The use of this ion deposition technique has shown, for example, that insulating films of carbon can be deposited with material properties very similar to that of carbon in the diamond form. The observed points of similarity between the ion beam deposited carbon form and a diamond-like material consists of the following: (1) high index of refraction, (2) high electrical resistivity, (3) transparency in the visible range, (4) high di-electric constant, (5) ability to scratch glass. These insulating carbon films also show a high resistance to hydrofluoric acid etching. One advantage of insulating carbon films is that such films are quite resistant to sodium ion diffusion through these films which occurs at elevated temperatures. This is in agreement with what would be expected for a densely packed diamond-like carbon structure which has densely packed grain boundaries and resists the motion of relatively large alkali ions. Stable insulating and semiconductor carbon films can therefore be produced by this technique and it is expected that the techniques of the invention will find widespread use in the semiconductor field.
Mixtures of gases or vapors can also be used to deposit various film compounds. For example, tungsten and carbon mixtures or compounds thereof can be deposited in the tungsten carbide form by using either tungsten and carbon electrodes or, for more rapid deposition by introducing a tungsten compound in the gaseous form and a hydrocarbon compound in the gaseous form into the plasma ion source region.
Apparatus similar to that shown in FIG. 1 can be used to deposit a carbon-diamond film. The electrodes 14 and 15 may be made of carbon, and the mixture gas may be methane for example (a hydro-carbon gas). The carbon ions are introduced into a plasma from ion source 10 by sputtering from the electrodes themselves or from the gas.
By means of the acceleration potential applied to the substrate, it is possible to have the ions come in with a moderately high kinetic energy (about 100 electron volts for example). As a result of this large kinetic energy of the incident ions, these ions when they strike the deposition surface retain a very high surface mobility and can move about to nucleate into a single crystal structure. At the same time, the carbon atoms already on the deposition surface, in the process of scattering the incident ions themselves, will pick up kinetic energy and become mobile. Thus, the incident ion and the first few surface monolayers of the deposition surface are at a relatively high energy compared to that of the basic substrate. These surface atoms retain enough energy so that they can nucleate into a diamond-like single crystal structure.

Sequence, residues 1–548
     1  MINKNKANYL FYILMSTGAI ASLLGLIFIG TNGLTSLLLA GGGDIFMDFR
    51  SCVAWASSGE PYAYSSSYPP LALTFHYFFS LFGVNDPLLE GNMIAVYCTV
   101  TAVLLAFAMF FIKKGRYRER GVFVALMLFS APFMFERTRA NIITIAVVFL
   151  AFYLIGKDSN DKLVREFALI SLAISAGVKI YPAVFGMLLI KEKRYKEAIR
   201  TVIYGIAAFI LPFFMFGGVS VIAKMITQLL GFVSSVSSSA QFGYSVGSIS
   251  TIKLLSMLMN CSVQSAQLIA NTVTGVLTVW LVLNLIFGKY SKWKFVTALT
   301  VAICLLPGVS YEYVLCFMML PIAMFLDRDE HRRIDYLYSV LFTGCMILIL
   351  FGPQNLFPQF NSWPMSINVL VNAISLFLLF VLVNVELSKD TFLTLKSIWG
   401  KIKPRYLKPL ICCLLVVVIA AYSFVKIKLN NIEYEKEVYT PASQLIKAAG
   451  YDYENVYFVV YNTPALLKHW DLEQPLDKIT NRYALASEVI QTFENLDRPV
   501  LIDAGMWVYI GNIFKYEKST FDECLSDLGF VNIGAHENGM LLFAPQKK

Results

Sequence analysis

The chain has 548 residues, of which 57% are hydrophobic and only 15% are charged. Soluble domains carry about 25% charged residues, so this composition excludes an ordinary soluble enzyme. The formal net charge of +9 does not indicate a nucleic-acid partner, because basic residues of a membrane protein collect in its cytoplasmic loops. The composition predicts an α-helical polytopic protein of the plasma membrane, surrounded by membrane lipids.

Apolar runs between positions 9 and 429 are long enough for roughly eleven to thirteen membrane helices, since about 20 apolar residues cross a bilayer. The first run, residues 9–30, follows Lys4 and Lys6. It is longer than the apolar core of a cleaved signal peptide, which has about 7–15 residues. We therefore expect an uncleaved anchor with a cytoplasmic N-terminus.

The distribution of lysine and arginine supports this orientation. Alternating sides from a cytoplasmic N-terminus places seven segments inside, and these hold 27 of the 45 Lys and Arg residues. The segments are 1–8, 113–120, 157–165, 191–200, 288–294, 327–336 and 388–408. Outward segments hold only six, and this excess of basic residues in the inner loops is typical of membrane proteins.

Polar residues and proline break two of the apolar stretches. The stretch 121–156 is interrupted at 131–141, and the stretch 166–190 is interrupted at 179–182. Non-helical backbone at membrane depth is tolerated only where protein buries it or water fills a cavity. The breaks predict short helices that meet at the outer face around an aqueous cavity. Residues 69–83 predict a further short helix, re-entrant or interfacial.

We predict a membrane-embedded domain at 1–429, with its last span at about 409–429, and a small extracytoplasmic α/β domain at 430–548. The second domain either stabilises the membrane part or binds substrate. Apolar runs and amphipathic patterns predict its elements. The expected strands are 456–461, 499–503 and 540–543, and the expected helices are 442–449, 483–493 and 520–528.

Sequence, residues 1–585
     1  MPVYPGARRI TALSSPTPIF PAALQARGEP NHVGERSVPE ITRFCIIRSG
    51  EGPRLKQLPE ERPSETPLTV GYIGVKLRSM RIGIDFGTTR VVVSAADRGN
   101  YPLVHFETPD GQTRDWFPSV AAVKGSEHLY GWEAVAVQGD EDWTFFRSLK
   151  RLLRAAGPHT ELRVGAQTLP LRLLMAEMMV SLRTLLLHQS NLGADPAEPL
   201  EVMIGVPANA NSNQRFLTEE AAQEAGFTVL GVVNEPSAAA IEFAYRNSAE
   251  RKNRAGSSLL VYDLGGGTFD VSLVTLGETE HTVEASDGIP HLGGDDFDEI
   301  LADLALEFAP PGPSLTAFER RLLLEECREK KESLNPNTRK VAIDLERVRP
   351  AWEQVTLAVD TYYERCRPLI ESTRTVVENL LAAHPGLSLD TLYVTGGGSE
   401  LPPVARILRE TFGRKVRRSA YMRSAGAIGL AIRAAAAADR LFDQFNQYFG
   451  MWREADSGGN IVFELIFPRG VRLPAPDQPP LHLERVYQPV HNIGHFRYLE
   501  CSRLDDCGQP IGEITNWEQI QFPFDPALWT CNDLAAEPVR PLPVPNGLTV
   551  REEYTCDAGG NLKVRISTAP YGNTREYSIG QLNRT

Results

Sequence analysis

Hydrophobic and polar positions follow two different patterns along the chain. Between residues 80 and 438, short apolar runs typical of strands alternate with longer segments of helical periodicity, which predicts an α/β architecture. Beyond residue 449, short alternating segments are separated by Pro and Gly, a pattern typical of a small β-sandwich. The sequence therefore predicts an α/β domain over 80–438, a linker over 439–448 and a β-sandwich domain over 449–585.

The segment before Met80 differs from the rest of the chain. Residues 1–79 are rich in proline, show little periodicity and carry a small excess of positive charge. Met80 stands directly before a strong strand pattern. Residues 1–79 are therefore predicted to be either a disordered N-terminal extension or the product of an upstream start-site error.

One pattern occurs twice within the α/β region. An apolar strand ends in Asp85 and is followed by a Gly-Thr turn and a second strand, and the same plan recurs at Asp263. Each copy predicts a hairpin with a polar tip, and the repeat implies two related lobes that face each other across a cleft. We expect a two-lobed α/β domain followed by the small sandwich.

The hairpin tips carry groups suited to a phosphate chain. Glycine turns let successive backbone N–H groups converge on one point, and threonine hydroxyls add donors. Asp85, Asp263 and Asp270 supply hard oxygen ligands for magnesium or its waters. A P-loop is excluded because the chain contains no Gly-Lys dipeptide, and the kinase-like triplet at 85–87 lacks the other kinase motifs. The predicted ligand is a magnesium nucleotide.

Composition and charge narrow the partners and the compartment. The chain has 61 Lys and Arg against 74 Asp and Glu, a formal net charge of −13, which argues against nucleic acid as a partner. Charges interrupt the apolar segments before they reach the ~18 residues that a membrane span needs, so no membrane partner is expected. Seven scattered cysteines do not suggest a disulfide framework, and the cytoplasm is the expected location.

Therefore, the apparatus of the present invention can be used to deposit various types of films on different substrates and does so by an ion beam technique, wherein the degree and uniformity of deposition are controlled. The apparatus can also be implemented for use with a vapor source, which is usually located in the deposition chamber. Such an arrangement has also been used to supplement the deposition from the ion beam. In other words a beam containing silicon ions could be used with a silicon vapor source. Another film so deposited was molybdenum.
Another feature of the invention is that relatively small layers of diamond-like carbon can be deposited. Usually for carbon to form into a diamond-like crystallographic structure it is necessary that the carbon atoms be in a high temperature, high pressure, environment for a sufficiently long time so that the crystallization into a diamond form can occur. The technique used herein employs an energetic ion beam that does not require high pressures since only a small portion of the carbon is heated to a high temperature at one time.
Having described some of the features, objects and advantages of the invention, other modifications of and departures from the embodiments disclosed herein will become apparent to those skilled in the art all of which are contemplated as falling within the spirit and scope of the invention and are to be limited solely by the appended claims.
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|U.S. Classification||427/523, 427/577, 219/121.26, 219/121.33, 427/562, 423/446, 204/298.05, 204/298.04, 204/192.12, 219/121.15|
|International Classification||C23C14/22, H01J27/20, H01J37/317|
|Cooperative Classification||H01J37/3178, C23C14/221, H01J27/20|
|European Classification||H01J37/317C, C23C14/22A, H01J27/20|
|Apr 9, 1984||AS||Assignment|
Owner name: A. S. LABORATORIES, INC. 335 BEAR HILL ROAD, WAKTH
Free format text: ASSIGNMENT OF ASSIGNORS INTEREST.;ASSIGNOR:GULF & WESTERN MANUFACTURING COMPANY A CORP OF MI;REEL/FRAME:004243/0404
Effective date: 19840404
Owner name: A. S. LABORATORIES, INC., 335 BEAR HILL ROAD, WALT
Free format text: ASSIGNMENT OF ASSIGNORS INTEREST.;ASSIGNOR:GULF & WESTERN MANUFACTURING COMPANY A CORP OF MI.;REEL/FRAME:004243/0415
Effective date: 19840404